North Korea

China, North Korea hold high-level meeting amid missile launches

Reuters

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China, North Korea hold high-level meeting amid missile launches

MISSILE LAUNCHED. People watch a TV broadcasting a news report on North Korea firing what appeared to be a long-range ballistic missile, at a railway station in Seoul, South Korea, December 18, 2023.

Yonhap via Reuters

(2nd UPDATE) All of North Korea's ballistic missile activities are banned by United Nations Security Council resolutions, though Pyongyang defends them as its sovereign right to self-defense

BEIJING, China – China’s Foreign Minister Wang Yi held talks with a senior North Korean official in Beijing on Monday, December 18, coinciding with Pyongyang’s launch of a missile capable of reaching anywhere in the United States.

China always views its ties with North Korea from a strategic and long-term perspective, the foreign ministry said in a statement, citing Wang’s comments in the meeting with North Korean Vice Minister of Foreign Affairs Pak Myong-ho.

Beijing is willing to strengthen two-way communication and coordination while deepening exchanges and cooperation, Wang added.

Wang and Pak exchanged views on issues of “common concern,” on which the ministry did not elaborate.

The meeting was held in a friendly atmosphere, Pyongyang’s state media KCNA said, North Korea’s ambassador to China Ri Ryong-nam also present.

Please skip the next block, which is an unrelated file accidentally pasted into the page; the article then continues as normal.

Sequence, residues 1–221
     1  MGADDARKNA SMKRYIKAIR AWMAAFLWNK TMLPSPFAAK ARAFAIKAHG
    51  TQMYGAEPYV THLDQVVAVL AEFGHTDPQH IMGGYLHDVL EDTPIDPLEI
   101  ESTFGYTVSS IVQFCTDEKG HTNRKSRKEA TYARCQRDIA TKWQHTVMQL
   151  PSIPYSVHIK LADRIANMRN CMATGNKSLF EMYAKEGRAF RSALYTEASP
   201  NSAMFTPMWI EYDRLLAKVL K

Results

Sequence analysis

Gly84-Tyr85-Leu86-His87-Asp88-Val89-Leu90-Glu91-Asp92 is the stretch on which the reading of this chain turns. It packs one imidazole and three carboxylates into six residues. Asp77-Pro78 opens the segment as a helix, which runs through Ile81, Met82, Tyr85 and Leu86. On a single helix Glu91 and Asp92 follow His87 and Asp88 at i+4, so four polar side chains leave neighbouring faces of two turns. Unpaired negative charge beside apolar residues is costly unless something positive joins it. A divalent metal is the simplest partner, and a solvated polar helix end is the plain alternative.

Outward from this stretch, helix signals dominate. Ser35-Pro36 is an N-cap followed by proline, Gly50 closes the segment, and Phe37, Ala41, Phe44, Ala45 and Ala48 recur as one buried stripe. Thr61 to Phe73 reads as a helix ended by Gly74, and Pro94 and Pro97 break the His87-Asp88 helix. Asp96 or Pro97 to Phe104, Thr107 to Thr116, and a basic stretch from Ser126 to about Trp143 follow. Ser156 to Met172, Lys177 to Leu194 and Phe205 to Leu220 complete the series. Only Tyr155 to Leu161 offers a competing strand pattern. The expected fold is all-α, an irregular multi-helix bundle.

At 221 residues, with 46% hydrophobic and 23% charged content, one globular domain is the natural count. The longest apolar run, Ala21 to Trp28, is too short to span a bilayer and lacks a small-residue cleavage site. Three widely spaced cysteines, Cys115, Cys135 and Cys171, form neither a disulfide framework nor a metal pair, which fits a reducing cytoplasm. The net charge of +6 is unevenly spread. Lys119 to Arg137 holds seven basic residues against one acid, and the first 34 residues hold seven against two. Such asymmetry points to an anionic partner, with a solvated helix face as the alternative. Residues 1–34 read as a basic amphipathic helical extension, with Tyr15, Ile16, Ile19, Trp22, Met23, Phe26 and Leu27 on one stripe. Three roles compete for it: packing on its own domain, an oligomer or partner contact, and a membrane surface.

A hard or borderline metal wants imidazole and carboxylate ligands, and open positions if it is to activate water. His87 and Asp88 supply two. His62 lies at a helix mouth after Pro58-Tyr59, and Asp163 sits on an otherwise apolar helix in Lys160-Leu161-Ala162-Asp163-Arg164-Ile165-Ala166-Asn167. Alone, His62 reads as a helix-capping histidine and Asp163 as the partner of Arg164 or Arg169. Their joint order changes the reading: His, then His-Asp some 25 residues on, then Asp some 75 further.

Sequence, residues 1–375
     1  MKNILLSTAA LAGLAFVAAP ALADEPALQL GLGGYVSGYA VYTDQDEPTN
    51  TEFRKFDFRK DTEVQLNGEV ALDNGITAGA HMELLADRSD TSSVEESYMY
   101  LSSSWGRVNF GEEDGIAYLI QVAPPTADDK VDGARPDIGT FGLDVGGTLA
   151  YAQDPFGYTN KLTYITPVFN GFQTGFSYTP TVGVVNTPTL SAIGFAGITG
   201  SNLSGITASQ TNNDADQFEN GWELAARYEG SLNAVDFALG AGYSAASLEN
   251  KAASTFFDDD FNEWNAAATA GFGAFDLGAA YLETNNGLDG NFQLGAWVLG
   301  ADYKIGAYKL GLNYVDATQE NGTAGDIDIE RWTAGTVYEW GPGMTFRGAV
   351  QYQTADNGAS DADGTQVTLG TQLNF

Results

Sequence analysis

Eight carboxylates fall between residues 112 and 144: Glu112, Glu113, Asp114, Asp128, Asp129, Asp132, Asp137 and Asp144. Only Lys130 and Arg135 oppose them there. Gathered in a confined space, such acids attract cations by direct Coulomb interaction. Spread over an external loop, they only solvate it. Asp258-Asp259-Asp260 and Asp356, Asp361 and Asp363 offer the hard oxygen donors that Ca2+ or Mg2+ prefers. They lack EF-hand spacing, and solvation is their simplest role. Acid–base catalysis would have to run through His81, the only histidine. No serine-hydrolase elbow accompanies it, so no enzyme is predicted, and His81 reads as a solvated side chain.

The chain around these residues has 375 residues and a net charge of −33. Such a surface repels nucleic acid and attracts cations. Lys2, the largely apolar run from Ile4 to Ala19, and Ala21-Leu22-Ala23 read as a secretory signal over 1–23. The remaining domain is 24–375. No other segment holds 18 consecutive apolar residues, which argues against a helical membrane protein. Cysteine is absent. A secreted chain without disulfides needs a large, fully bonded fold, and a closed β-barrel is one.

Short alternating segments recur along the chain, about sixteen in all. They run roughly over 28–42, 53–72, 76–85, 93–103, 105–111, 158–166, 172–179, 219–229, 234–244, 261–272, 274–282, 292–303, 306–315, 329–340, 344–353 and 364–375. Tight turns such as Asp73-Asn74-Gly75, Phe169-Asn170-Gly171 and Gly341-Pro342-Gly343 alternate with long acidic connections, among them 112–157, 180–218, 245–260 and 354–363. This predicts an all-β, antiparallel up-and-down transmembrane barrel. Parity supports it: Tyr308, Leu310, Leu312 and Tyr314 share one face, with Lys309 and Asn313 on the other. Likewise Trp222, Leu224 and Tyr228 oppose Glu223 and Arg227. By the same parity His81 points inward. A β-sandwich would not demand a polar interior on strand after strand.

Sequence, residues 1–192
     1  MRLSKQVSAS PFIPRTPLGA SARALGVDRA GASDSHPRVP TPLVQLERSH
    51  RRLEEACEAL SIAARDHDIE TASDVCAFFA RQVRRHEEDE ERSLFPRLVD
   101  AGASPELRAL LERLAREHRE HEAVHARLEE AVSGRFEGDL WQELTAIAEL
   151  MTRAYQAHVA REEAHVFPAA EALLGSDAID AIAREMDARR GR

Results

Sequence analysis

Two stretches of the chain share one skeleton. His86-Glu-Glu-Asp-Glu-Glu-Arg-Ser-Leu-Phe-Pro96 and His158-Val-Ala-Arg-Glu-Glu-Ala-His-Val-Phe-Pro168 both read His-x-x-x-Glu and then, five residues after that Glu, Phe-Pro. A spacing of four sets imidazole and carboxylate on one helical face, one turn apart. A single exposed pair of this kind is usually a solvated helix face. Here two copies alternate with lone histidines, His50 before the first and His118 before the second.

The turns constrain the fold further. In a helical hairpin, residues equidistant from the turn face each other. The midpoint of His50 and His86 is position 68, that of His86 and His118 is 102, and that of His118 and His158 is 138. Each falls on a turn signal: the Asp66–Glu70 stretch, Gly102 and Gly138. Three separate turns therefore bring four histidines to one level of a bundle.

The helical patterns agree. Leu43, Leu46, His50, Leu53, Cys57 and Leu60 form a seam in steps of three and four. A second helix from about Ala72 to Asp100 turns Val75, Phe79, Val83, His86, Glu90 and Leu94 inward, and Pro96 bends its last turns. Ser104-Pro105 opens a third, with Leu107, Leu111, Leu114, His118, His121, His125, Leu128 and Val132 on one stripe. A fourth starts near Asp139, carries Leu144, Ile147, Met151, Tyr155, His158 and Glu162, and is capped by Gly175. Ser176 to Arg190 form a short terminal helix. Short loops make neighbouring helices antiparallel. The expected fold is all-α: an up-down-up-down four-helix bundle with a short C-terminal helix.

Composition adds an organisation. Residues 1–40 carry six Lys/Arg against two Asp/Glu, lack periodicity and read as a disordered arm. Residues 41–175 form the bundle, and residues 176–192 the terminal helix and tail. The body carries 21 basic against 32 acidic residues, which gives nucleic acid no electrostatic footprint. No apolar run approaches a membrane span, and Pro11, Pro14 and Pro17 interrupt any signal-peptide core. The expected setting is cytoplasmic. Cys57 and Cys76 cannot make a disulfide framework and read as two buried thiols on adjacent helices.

North Korea is officially China’s only ally. Both are bound by a treaty signed in 1961 to take all necessary measures, including military assistance, to help each other in the event of an attack or an attempted attack by a third country.

North Korea’s Monday missile launch came after the firing of a short-range ballistic missile on Sunday night, December 17.

Pyongyang has condemned the United States for orchestrating what it called a “preview of a nuclear war,” including the arrival of a nuclear-powered US submarine in South Korea on Sunday.

All of North Korea’s ballistic missile activities are banned by United Nations Security Council resolutions, though Pyongyang defends them as its sovereign right to self-defense.

North Korea will keep strengthening multilateral ties with China to “safeguard common interests” and “maintain regional peace and stability,” Pak was cited as saying in the Chinese statement.

Pak arrived in Beijing last week on a rare official visit ahead of the 75th anniversary next year of the establishment of diplomatic ties.

A spokesperson of China’s foreign ministry said the Korean peninsula issue was complex, and urged dialogue by all concerned parties to resolve their issues.

“Attempts to solve the problem through military deterrence and pressure will not work,” Wang Wenbin told a regular press conference. “They will only backfire, further intensifying contradictions and tension.” – Rappler.com

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